Earth Today | A call for nature - Stakeholders want attention to biodiversity protection
WITH PLASTIC waste associated with COVID-19 a clear and present danger to marine and other wildlife, local and regional pundits have added their voices to the call for attention to biodiversity conservation even as humanity navigates the global pandemic.
Those voices include that of Executive Director of the Caribbean Natural Resources Institute, Nicole Leotaud.
“Protecting nature must be at the heart of Caribbean COVID-19 recovery and climate resilience, and we need strong leadership to prioritise biodiversity conservation as a central pillar in Caribbean development,” she said.
“There is strong commitment and action by civil society and local communities to protect biodiversity and nature-based livelihoods, but more needs to be done at the political level,” Leotaud added.
Her comments come even as the United Nations Summit on Biodiversity is being hosted under the theme ‘Urgent action on biodiversity for sustainable development’.
Indi Mclymont-Lafayette, development communications professional and a years-long advocate for civil society participation in development decision-making, has herself urged priority for biodiversity conservation.
“It is important that we factor biodiversity conservation into our COVID-19 recovery. It has to be a part of our ‘livity’, or our lifestyle. So, for example, it is best we buy masks made of cloth that can be washed and reused rather than plastic or disposal masks that end up in our gullies killing fish and other marine life,” she noted.
“Another example is farmers saving seeds from their crops. If, for example, we had another lockdown because of COVID or a hurricane, it would be an issue to import seeds,” added Mclymont Lafayette, who heads Change Communications.
CANARI, meanwhile, has commended what it describes as “the leadership shown by Belize and is calling on other Caribbean governments to galvanise political commitment to invest in the health of our planet as an investment in our own future”.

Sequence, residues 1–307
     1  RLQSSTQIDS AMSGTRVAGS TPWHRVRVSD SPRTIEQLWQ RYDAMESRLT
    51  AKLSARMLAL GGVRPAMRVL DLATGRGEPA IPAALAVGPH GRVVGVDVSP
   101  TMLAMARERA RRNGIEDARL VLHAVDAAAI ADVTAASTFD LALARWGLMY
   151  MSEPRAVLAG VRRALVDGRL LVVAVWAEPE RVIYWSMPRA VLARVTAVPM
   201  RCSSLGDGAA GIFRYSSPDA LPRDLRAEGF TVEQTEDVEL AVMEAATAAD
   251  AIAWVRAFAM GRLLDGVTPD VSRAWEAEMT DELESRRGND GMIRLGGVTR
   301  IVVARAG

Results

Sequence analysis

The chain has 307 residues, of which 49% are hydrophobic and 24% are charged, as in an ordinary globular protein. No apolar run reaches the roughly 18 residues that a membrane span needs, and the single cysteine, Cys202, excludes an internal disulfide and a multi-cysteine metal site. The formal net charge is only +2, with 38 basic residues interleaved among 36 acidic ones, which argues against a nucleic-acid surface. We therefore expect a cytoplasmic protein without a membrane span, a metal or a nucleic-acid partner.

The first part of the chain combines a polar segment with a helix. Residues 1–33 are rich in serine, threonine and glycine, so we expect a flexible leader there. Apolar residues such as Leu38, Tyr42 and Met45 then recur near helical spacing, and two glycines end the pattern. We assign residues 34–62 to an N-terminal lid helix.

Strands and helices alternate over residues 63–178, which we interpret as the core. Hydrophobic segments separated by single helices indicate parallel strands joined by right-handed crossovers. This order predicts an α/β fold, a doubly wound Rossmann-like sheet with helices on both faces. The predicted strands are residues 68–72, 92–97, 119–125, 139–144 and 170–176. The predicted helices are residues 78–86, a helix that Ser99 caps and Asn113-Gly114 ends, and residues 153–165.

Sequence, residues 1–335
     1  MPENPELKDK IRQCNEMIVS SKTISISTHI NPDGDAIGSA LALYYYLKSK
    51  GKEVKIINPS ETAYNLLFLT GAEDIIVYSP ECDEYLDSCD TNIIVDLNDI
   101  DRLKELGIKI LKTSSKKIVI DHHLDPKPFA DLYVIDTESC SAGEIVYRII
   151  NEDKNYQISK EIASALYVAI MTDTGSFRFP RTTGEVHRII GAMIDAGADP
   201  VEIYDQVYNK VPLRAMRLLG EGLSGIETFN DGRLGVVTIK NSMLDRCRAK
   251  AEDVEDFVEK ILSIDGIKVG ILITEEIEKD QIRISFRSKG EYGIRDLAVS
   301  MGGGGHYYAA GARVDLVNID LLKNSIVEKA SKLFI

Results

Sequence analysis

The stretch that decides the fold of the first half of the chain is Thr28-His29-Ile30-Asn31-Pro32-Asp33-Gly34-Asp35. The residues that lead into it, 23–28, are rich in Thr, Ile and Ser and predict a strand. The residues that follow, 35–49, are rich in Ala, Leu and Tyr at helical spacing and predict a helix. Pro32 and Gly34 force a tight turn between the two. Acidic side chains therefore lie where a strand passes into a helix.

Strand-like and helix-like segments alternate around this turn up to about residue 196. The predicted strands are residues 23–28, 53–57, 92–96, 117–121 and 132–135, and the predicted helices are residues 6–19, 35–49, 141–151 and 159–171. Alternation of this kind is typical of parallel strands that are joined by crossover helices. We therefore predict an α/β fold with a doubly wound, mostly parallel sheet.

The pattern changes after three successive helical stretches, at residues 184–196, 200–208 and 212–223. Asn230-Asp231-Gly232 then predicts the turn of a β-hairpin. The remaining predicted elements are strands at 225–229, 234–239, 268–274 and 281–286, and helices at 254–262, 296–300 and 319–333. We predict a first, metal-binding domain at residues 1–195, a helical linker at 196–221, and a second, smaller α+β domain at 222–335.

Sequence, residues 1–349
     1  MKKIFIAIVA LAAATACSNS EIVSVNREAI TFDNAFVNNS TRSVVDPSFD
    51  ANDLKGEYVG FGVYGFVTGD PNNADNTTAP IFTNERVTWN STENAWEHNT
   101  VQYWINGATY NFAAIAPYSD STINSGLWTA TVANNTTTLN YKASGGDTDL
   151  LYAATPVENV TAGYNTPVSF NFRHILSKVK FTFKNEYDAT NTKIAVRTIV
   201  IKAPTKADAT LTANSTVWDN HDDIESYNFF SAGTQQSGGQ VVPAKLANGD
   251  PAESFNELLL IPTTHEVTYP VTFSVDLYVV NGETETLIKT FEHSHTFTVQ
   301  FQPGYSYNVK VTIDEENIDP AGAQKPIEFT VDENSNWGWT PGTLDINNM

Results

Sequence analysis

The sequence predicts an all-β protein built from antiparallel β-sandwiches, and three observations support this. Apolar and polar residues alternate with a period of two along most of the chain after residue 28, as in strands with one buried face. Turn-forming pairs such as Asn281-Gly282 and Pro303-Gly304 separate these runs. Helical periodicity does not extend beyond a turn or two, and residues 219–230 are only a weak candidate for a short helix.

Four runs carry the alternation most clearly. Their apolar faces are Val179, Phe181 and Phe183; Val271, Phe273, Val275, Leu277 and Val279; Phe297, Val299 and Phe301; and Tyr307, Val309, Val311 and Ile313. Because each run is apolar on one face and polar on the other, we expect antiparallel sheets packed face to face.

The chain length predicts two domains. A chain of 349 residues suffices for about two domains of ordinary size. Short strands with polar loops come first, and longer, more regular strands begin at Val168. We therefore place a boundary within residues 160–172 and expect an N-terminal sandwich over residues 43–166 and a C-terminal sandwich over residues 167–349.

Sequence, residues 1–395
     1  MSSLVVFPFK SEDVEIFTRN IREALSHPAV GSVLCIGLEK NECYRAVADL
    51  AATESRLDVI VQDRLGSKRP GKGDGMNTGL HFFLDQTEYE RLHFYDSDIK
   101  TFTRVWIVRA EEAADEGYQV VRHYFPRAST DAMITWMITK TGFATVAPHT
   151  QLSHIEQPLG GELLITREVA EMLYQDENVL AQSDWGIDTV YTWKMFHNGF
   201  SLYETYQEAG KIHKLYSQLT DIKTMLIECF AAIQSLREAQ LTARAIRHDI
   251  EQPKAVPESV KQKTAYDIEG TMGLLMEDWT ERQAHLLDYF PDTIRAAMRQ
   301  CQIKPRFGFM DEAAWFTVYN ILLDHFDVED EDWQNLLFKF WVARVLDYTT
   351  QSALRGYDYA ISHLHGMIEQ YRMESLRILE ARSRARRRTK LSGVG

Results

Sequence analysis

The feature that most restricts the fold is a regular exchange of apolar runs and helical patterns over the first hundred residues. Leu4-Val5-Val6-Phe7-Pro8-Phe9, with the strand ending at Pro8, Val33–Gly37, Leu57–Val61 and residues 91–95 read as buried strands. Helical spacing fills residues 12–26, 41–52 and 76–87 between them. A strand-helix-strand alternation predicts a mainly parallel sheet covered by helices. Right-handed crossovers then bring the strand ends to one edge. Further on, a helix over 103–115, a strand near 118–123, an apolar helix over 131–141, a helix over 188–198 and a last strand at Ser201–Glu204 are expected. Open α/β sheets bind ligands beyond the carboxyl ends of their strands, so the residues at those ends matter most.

The Caribbean is one of the 36 biodiversity hotspots in the world, and nature continues to be key for the region’s approximately 44 million people. Yet, Belize is reportedly the only country from the region which has so far signed the global ‘Leaders Pledge for Nature’.
The pledge commits to 10 urgent actions to put nature on a path to recovery by 2030. The commitments include ensuring that the current health and economic crisis is green and just and contributes directly to ‘recovering better’ and achieving sustainable societies; as well as to put biodiversity, climate and the environment as a whole at the heart of COVID-19 recovery strategies and investments and of the pursuit of national and international development and cooperation.
Eleanor Jones, principal at Environmental Solutions Limited, said biodiversity is too important to ignore.
“We need to understand what biodiversity is. It basically relates to species, which includes us, and the interaction with their habitats. The single biggest threat to biodiversity is the habitat, and what we are saying is that as we are destroying habitat, we are running wildlife out of their places and bringing them closer to humans and causing, for example, a jump of diseases from animals to humans,” she explained.
“With COVID-19, food production becomes increasingly important and biodiversity is critical to food production, on sea and on land, for marine and terrestrial life. So when we are talking [about] biodiversity conservation, what we are talking about is food production, sustainable supplies of clean water, clean air, and preventing disease,” added Jones, who is also a member of the Private Sector Association of Jamaica.
“It is, therefore, critical that we do not destroy our forest cover, and that we pay attention to maintaining marine life and protecting sensitive areas,” she said further.